Juukan Gorge inquiry: Rio Tinto’s decision to blow up Indigenous rock shelters ‘inexcusable’ | Indigenous Australians

A parliamentary inquiry into the destruction of 46,000-year-old caves has delivered a scathing report criticising the actions of Rio Tinto and calling for the Western Australian government to put a stop to the destruction of heritage until new laws are passed.

The majority bipartisan interim report said Rio Tinto’s decision to destroy two rock shelters in Juukan Gorge, against the wishes of the traditional owners and despite knowing the archeological value of the site, was “inexcusable”.

“Rio knew the value of what they were destroying but blew it up anyway,” the report said.

The report recommended a moratorium on the approval of all new section 18 approvals under the Aboriginal Heritage Act until new laws are passed next year – unless it can be “established and verified that there is current free, prior and informed consent obtained from Traditional Owners”. That could potentially impact public infrastructure development, not just mining.

It also called for mining companies to introduce a voluntary moratorium on acting on existing approvals, under section 18 of the Western Australian legislation, to destroy sites.

“How many Juukan Gorge catastrophies are lurking on working schedules around the country? We don’t know because there are still existing legal regimes that permit various companies to destroy them,” Senator Pat Dodson told the Senate after the interim report was tabled on Thursday.

“Whilst our report is called Never Again, it’s in a legislative environment where there’s still capacity for an organisation or a company to destroy such a site. So we have a serious problem.”

The report recommended the Australian government outlaw the use of gag clauses in agreements between mining companies and traditional owners, which prevent traditional owners from speaking publicly against the destruction of their heritage.

It also recommended that:

  • Rio Tinto must negotiate a restitution package with the Puutu Kunti Kurrama and Pinikura (PKKP) and ensure a full reconstruction of the rock shelters and remediation of the site, at its own expense;

  • Rio must commit to a permanent moratorium on mining in the Juukan Gorge area

  • All mining companies, including Rio Tinto, should undertake an independent review of all agreements with traditional owners and remove any gag clauses or restrictions in existing agreements;

  • All mining companies should commit to a voluntary moratorium on applying for new section 18 permissions until new Aboriginal heritage laws are passed;

  • Rio Tinto should commit to a stay on actions on the 1,700 Aboriginal heritage sites which it currently has permission to destroy;

  • The WA government should urgently establish new procedures to improve the regulation of Aboriginal heritage and undertake a mapping and truth-telling process to record all sites that have been destroyed or damaged;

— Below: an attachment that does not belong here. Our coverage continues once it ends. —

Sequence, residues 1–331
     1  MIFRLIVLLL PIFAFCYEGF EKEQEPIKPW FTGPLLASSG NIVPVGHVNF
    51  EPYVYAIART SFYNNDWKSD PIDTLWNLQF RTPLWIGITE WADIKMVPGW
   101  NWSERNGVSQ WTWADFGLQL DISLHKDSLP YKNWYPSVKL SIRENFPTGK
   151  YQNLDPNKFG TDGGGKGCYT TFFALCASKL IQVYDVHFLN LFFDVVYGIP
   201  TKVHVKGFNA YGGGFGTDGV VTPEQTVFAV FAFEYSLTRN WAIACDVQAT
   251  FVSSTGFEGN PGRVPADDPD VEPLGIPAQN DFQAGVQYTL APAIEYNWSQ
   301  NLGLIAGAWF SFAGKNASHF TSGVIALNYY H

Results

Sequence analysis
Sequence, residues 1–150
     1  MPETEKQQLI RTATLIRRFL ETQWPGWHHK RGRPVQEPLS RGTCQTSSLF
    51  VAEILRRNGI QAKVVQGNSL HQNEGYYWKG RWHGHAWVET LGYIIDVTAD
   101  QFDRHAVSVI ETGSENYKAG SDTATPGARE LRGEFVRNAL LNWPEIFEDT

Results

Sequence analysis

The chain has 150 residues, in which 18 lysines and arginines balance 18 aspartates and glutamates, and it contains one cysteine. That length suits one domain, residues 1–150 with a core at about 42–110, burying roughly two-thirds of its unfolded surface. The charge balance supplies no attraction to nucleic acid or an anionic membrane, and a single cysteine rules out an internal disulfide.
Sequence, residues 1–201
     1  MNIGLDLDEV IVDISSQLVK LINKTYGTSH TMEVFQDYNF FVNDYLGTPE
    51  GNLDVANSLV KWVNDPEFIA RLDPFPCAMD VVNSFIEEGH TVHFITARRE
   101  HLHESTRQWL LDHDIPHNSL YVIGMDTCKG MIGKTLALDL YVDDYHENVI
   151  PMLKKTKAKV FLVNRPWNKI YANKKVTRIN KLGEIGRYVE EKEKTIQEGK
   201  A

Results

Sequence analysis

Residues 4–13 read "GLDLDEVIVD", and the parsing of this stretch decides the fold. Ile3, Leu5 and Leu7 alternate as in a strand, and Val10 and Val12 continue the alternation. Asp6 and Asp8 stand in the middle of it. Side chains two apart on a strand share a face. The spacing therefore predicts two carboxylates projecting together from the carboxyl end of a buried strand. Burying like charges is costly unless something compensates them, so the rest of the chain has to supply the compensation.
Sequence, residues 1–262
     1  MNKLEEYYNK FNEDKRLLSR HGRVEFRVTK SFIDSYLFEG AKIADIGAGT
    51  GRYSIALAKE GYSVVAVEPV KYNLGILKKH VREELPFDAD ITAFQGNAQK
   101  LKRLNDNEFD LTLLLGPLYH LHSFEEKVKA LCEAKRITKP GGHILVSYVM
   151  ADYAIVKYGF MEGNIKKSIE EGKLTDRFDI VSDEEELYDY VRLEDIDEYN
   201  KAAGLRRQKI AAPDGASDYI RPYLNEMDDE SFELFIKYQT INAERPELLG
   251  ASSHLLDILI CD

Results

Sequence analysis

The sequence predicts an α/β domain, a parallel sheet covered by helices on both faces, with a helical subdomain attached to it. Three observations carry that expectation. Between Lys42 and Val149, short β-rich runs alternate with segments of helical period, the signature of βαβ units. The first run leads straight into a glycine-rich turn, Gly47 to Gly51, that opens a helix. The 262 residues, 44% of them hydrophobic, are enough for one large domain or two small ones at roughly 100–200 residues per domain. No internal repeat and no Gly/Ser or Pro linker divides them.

• The federal Aboriginal and Torres Strait Islander Heritage Protection Act 1984 be “urgently” reviewed, and responsibility for the legislation revert to the minister for Aboriginal affairs.

The PKKP people said they were “devastated” by destruction of the two rockshelters, one of which had been described by an archaeologist paid for by Rio Tinto as one of the most significant archaeological sites in Australia.

The PKKP Aboriginal corporation chief executive, Carol Meredith, told the inquiry in October that they felt they were “up against a huge machine”.

“[The agreement] may have been the gold standard when it was signed, but its flaws are very apparent,” she said. “It wasn’t an equal partnership then and it isn’t now.”

The inquiry was called in June, three weeks after Rio Tinto blew up the 46,000-year-old Aboriginal heritage site.

Rio Tinto’s global CEO, Jean-Sébastien Jacques, and its Perth-based chief executive of iron ore, Chris Salisbury, both appeared before the inquiry before resigning over the issue in September. They both appeared again alongside the head of corporate affairs, Simone Niven, who also resigned, in October.

All three had previously lost their annual bonuses following an internal review that blamed the destruction on “shortfalls in linked-up decision making”, but will keep their long-term bonuses on exit from the company. The internal review has been criticised as “inadequate” and lacking transparency.

Senior executives from BHP, Roy Hill, Woodside and Fortescue Metals were also called before the public hearings. All defended their own relationship with traditional owners. But Aboriginal corporations in the Pilbara said that the issues outlined in the destruction of Juukan Gorge were widespread. They include agreements with gag clauses that prevent traditional owners from speaking out against mining companies, and a heritage system that is geared towards mining companies and does not allow for review once more information about a site is discovered.

At the first hearing, Jacques said Rio had decided to destroy the site – which it had permission to do under Western Australia’s Aboriginal heritage laws – in order to access an additional 8m tonnes of high-grade iron ore, worth about $135m. The company did not tell the PKKP that they had considered other options for the mine that would have avoided destroying the site.

Rio has since placed a moratorium on work in the area – meaning it now has less access to the available iron ore than if it had avoided the site.

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